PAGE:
The Family | C+
Robert De Niro, once the big screen’s most intense actor, has spent so long playing an exaggerated riff of his former ferocity that now he’s sort of a shadow of a takeoff inside a parody. After a decade-plus of spoofing his tough guy persona, these days the mere sight of De Niro is shorthand that winking, meta-textual yuks are about to ensue.
That sensation worsens when you learn that, this time around, old Bobby D is playing a vicious Brooklyn mobster turned neutered family man — currently forced into a state of domestic semi-tranquility by the federal Witness Protection Program.
Posing under the pseudonym Fred Blake, the formerly feared Giovanni Manzoni has turned snitch and has been relocated with his brood to an especially sleepy little backwater town in Normandy after repeatedly blowing their cover during the last few stops.
The Blake family is frequently on the move because the clan is a bunch of psycho hotheads, prone to outbursts at the smallest slight. Case in point: Relatively reasonable wife Maggie (Michelle Pffier) responds in a fit of pique when the corner grocer haughtily sniffs at her request for peanut butter; she promptly blows the shop up with a propane tank. Not a great way to endear yourself to the locals.
The kids, meanwhile, are busily analyzing their new high school classmates for signs of weakness. Son Warren (John D’Leo), is a junior con artist who quickly has the power structure of the schoolyard mapped out like an FBI profiler, while blond bombshell daughter Belle (Glee star Diana Agron), is swiftly — and forcibly — re-educating all the drooling young garçons in the proper way to treat a lady. All of this is enough to make the family’s government handler Stan (an amusingly haggard Tommy Lee Jones) start to droop like a basset hound in high gravity.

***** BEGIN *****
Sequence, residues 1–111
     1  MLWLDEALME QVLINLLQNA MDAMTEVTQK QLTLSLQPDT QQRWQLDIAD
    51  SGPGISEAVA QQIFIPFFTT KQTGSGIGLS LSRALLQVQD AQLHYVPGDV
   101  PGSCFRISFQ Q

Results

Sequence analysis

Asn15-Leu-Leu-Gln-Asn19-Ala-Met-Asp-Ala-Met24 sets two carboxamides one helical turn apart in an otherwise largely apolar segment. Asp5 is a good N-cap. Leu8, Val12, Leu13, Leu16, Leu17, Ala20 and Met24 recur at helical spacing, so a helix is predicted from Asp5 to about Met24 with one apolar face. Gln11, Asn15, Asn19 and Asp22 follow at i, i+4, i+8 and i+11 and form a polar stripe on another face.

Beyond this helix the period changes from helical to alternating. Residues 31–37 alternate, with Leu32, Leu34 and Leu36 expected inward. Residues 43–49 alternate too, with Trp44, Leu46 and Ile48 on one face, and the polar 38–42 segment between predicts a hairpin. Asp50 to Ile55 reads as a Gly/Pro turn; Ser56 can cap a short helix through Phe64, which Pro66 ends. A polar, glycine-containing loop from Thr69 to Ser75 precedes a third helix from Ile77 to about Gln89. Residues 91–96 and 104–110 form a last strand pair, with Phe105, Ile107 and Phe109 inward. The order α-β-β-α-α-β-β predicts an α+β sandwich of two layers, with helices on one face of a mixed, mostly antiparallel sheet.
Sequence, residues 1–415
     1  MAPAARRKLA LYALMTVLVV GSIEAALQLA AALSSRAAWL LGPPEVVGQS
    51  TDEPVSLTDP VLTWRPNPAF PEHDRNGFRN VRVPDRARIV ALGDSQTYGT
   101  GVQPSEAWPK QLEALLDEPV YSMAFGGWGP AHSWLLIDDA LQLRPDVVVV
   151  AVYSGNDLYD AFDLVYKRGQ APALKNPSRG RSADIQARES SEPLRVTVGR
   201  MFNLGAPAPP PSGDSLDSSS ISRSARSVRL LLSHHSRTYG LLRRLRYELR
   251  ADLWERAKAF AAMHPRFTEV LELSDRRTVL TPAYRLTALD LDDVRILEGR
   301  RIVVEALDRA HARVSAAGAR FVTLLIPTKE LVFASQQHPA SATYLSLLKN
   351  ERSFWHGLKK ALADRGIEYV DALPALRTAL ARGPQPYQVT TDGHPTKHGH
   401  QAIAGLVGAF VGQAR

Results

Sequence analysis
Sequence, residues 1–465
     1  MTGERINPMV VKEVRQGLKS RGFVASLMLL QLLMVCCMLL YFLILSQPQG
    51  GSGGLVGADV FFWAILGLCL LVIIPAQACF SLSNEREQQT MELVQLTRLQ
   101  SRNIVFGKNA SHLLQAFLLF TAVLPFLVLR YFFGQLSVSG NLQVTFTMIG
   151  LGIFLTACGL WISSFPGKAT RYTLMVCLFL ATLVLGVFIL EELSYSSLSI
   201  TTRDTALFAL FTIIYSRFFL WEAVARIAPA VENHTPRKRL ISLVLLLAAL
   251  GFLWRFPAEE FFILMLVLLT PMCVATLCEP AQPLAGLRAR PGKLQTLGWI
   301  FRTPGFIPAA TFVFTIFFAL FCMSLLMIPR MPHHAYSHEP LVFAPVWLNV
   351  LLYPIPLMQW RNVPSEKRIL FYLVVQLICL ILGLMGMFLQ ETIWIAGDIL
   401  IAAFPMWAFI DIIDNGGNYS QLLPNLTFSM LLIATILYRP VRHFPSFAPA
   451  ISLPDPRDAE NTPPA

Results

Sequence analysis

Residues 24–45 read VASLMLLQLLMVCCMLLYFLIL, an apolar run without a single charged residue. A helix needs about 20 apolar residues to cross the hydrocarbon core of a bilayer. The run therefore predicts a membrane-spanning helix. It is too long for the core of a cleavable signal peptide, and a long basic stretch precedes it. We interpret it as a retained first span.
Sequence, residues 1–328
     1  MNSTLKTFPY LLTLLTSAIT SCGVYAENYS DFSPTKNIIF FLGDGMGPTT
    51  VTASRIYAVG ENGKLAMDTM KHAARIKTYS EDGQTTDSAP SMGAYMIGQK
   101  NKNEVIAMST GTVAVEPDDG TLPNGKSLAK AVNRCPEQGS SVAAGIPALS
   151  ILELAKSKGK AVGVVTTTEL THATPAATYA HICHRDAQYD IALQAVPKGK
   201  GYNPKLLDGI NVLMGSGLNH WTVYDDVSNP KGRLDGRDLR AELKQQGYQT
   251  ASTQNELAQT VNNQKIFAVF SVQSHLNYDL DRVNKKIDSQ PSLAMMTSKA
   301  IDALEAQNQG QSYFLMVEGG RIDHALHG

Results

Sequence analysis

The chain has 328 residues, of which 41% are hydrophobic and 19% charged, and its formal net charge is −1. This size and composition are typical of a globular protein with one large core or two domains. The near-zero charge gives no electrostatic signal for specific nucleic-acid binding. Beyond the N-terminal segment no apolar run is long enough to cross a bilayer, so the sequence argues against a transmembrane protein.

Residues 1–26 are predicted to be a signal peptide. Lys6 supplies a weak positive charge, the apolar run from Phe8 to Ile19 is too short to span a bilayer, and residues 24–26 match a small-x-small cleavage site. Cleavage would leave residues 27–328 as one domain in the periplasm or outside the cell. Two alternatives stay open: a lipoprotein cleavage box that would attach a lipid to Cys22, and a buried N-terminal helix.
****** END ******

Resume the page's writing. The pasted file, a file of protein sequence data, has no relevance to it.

The vainglorious Fred begins to take his cover identity as a celebrated novelist a bit too seriously, and accepts an invite to speak at the local film society’s showing of an American classic. (You only get one guess what that particular gangster picture turns out to be).
Fred just can’t help himself; neither can French director Luc Besson, who loves to cram comedy and violence together with a blatant disregard for tone. This is especially true in the anarchic third act, when a cartoonish crew of hit men finally arrives in town and the resulting bloodbath interrupts the giggles.
There is some charm in the cross-cultural disconnect happening here and, as clichéd as the setup is, there is a flavor of unpredictability in the presentation. Besson has enjoyed a string of hits as a producer lately (Taken, The Transporter series), though he rarely sits in the director’s chair anymore; it’s hard to imagine what lured him to this generic script.
Still, Besson has a visual style to burn and a terrifically fluid touch with action, if not as much with comedy. The marvelous cast works awfully hard to fill in the gaps, but this muddled, chaotic romp is intent on demolishing everything in its path.
The Family, in theaters now, is rated R and has a run time of 150 minutes.